"It's an area from the Wairarapa to Wairoa - certainly an area that we are watching carefully - but we have not seen anything profligate in terms of mountains of foreign capital pouring in to that area," Jones said.
Forestry is also facing opposition from the farmer-funded Beef and Lamb New Zealand, which said large-scale conversion of sheep and beef farms to forestry would have a significant negative impact on rural New Zealand.
A Beef and Lamb NZ-commissioned study of Wairoa showed forestry provided fewer jobs than sheep and beef farms.
In Wairoa, 8486 hectares of sheep and beef farmland has, or is in the process of being, converted to forestry, Beef and Lamb said.
Beef and Lamb asked consultancy BakerAg to compare the economic and employment effects of the conversion of sheep and beef farms into forestry.
De Lautour said his farm was an important part of the region and the local economy. But he feels that if the land was converted to forestry that would change.
"If later down the line it wasn't needed for forestry it would take decades to get it anywhere near the land is now."
BakerAg's report said if all the sheep and beef farms in Wairoa were converted to forestry, Wairoa would have a net loss of nearly 700 local jobs and net $23.5 million less spent in the local economy compared to blanket forestry - excluding harvest year.
"This report illustrates the huge risks of unintended consequences from poorly designed policy and emissions targets, which will incentivise a high level of afforestation and result in a devastating impact on rural communities," Beef and Lamb said in a statement.
"The net result is that it's a real possibility that many districts like Wairoa across the country could see all their sheep and beef farms converted into forestry with disastrous consequences for the local community."
WAIROA MAYOR FEARS FOR HIS TOWN
Little said the way things are going, the town is heading for "disaster".
"If it keeps going like that, there will be no farmland left in Wairoa with in the next 11 to 12 years which is scary for us, and if it does get to that point we might as well shut the town doors because this place will turn into a ghost town."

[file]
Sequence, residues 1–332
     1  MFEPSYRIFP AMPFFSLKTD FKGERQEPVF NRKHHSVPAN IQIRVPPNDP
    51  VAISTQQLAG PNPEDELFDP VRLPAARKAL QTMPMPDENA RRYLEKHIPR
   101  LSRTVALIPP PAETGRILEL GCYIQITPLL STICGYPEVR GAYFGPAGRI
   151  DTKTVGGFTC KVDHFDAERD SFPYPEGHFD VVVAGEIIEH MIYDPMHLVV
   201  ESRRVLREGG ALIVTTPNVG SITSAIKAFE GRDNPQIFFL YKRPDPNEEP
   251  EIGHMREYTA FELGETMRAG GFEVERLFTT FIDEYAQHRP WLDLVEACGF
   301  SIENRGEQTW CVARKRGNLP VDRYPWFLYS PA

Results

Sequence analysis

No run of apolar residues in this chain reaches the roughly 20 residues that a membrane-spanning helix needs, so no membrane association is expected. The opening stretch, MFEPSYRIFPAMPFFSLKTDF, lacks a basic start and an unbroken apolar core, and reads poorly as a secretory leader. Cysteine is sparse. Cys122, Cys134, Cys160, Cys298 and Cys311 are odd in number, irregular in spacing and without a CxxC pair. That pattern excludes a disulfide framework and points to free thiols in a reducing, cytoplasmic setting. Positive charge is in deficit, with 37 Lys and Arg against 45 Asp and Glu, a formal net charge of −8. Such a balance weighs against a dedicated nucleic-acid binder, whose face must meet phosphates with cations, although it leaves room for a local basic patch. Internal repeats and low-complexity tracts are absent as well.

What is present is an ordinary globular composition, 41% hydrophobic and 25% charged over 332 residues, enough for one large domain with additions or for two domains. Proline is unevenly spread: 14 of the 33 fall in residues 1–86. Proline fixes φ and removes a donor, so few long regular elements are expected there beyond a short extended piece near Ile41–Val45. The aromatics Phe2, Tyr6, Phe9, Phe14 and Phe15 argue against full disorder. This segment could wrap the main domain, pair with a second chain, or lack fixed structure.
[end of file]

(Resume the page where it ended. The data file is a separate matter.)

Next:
He also said the numbers proposed in the report don't show the true impact for the region.
"The numbers in the latest Beef and Lamb report don't show how bad it really is," Little said.
"Just in the last nine to 10 months we have seen over 10,000 hectares sold in Wairoa and they predict that around 700 people would go unemployed but it will be much higher when you look at every aspect from farmers, meat workers, local contractors, fencers, they will all be affected."
Little says the town isn't against forestry, it's the fact laws have allowed widespread growth of forestry from companies and it is leading to the fracture of the region's strong farming industry.
"There needs to be tighter restrictions on this and you can't blame the farmers because some of the guys that sell it are retiring and have no family who want to take it on and the best offers are coming from buyers are those in the forestry industry."
Little said if the Government wanted to improve emissions it needed to work with farmers instead of letting forestry expand at such a rate.
"Most of these farmers in Wairoa are already doing a lot for conservation and the environment and the growth of forestry is going to destroy a lot of that work done in the process."